Saved by a whisker: Kitten scooped from river
IT'S difficult not to become absorbed in Bamm Bamm's deep blue eyes, so why would such an endearing kitten be abandoned with such apparent disdain?
The diminutive domestic short-hair has been in the care of animal foster volunteer Ros Lowry for the past two weeks, having been rescued out of Pioneer River by a local fisherman. It was believed the kitten had been thrown into the river's depths and left to die.
Ms Lowry said Bamm Bamm was incredibly distressed in the aftermath of his threatening ordeal; exhausted, fearful and desperate for comfort.
As one of 57 temporary carers for Pound Rescue Mackay, Ms Lowry said Bamm Bamm was one of more than 50 cats she had fostered over approximately the last three years while searching for long-term homes for the helpless strays.
Despite her commendable efforts, she said the issue of homeless felines was widespread in the region.
She implored prospective adoptive owners to be vigilant in diminishing the volume of abandoned litters, and said a lack of initiative in desexing free-of-purchase kittens was only increasing the problem.
"Mackay has a problem; people are always looking for free kittens, but people who get free kittens don't desex their animals," she said.
"Mackay needs to step up... and people need to desex their animals."
Robin Morgan assists volunteer animal carers by transporting the new pets to prospective owners.
She acknowledged pounds, fosters and refuges in the region did a fantastic job in trying to find homes for the plethora of abandoned animals, however, she said the sheer quantity of strays made the process exceedingly difficult.
"There's a lot of people all over Mackay that are trying their best to save animals, but sometimes it doesn't work out because there's just too many," Ms Morgan said.
"Mackay is fortunate that there's a lot of rescue groups down south that rescue dogs and cats, (but)... it's never going to stop until people get the mentality that you have to have a desexed cat.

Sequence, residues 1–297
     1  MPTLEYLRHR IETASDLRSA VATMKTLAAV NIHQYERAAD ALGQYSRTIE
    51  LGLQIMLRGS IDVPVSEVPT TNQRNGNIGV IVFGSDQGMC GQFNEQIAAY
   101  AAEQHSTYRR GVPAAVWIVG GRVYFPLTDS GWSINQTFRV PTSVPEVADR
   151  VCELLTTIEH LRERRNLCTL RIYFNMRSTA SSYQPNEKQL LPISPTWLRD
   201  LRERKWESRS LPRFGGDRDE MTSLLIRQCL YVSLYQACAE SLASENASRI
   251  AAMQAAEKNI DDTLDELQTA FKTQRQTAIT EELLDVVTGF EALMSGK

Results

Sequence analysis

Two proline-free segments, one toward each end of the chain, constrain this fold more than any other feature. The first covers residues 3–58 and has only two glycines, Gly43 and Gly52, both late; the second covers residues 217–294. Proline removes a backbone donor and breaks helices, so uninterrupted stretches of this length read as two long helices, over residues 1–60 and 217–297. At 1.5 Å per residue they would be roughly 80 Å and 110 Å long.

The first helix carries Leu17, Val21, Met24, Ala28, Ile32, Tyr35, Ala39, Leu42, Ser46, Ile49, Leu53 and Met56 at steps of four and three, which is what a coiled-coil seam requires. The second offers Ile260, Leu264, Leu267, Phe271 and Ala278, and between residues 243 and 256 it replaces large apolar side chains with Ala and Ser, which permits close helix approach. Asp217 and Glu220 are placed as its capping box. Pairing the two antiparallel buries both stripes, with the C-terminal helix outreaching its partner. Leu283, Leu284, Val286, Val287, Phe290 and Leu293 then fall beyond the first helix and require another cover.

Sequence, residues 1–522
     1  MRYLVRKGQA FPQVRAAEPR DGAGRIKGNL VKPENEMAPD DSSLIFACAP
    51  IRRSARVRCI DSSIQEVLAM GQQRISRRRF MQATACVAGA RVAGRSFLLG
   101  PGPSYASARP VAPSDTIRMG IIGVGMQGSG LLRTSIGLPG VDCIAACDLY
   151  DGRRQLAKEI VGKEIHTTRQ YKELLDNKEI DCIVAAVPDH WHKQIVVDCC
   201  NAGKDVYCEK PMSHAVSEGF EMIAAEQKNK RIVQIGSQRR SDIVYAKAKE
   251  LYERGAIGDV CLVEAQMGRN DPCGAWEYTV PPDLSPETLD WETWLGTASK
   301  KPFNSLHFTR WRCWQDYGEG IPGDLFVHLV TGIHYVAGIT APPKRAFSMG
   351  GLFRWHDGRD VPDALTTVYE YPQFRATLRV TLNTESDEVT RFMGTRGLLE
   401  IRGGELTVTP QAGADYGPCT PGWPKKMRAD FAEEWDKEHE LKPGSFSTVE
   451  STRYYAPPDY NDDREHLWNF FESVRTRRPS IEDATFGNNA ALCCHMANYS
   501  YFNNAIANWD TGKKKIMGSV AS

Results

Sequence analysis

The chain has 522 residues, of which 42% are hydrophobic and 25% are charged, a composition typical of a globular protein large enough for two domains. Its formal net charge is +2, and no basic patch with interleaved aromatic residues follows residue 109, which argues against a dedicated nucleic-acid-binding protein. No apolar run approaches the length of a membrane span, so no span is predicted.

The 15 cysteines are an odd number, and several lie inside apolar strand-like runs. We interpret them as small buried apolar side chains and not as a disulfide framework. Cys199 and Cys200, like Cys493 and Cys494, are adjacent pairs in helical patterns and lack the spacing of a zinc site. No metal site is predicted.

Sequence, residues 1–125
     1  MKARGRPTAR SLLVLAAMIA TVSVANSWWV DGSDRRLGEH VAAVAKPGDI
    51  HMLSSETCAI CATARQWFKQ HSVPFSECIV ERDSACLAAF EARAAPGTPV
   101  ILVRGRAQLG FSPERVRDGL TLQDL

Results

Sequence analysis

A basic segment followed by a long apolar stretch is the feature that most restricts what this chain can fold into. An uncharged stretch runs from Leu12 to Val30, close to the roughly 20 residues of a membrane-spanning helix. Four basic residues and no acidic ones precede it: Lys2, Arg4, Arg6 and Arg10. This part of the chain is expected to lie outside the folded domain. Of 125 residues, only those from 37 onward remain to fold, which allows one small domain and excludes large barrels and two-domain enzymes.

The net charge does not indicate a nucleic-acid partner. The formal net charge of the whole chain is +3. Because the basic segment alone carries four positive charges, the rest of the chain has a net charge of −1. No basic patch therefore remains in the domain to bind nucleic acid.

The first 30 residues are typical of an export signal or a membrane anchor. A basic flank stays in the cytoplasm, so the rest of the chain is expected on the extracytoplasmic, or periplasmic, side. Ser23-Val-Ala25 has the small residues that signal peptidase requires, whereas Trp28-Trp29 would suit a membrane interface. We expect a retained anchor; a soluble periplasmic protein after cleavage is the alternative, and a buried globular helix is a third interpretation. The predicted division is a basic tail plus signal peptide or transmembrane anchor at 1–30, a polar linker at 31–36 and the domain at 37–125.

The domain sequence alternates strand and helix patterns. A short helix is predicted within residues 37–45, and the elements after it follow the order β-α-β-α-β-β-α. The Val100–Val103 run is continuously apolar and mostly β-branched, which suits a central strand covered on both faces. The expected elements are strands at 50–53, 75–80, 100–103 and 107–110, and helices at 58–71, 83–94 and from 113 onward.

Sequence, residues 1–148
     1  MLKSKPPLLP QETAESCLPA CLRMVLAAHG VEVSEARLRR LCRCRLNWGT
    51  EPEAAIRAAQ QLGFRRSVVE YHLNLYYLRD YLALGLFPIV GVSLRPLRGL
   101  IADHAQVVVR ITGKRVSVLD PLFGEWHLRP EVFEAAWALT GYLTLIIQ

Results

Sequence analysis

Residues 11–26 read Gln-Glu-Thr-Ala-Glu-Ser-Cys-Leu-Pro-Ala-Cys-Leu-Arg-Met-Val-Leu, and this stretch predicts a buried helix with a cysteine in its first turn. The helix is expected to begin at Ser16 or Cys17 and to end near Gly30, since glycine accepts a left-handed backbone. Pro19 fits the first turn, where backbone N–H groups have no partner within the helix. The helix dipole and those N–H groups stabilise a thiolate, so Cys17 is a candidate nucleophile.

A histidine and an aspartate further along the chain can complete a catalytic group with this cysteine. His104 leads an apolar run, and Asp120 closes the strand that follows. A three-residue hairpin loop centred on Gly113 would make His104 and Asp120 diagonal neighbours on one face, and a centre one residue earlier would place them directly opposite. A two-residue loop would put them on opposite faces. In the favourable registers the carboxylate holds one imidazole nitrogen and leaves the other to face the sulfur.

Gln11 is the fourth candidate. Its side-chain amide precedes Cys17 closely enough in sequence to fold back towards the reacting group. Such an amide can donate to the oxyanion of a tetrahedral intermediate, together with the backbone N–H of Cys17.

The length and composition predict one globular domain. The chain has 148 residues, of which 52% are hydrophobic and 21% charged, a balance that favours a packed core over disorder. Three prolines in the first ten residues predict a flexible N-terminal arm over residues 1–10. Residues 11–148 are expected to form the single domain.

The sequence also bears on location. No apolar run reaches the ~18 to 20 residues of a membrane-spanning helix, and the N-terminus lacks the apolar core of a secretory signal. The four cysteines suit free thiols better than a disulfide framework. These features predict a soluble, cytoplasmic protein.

"That message goes down like a lead balloon most of the time."
Their active involvement with Pound Rescue Inc. speaks to the prevalence of the issue, with the charity organisation's inception stemming from a desire to save 'death row' animals.
Pound Rescue Inc. co-founder Deborah Moodie said the manner in which animals were dispatched before coming into their care was consistent with how Bamm Bamm was found.
"It's on a weekly basis, it's a never ending strain," Ms Moodie said.
"Most of them aren't chipped, most of them aren't desexed - people just don't seem to care."
In spite of his tumultuous introduction to domestic life, Bamm Bamm's charisma has seen him find affection in fellow foster kitten Pebbles.
While she appreciates the magnitude of the commitment, Ms Lowry hopes that the inseparable pair remain that way upon their hopeful imminent adoption.
"I would love to have them adopted together. I think a lot of people are so blown away by his blue eyes because they're not going to change now," Ms Lowry said. "He's just beautiful... him and Pebbles, the moment you touch them they purr and they bonded as soon as they got together."
Bamm Bamm and his fellow kittens will soon be on display at River Street Twilight Markets for prospective carers and volunteers to the Pound Rescue cause.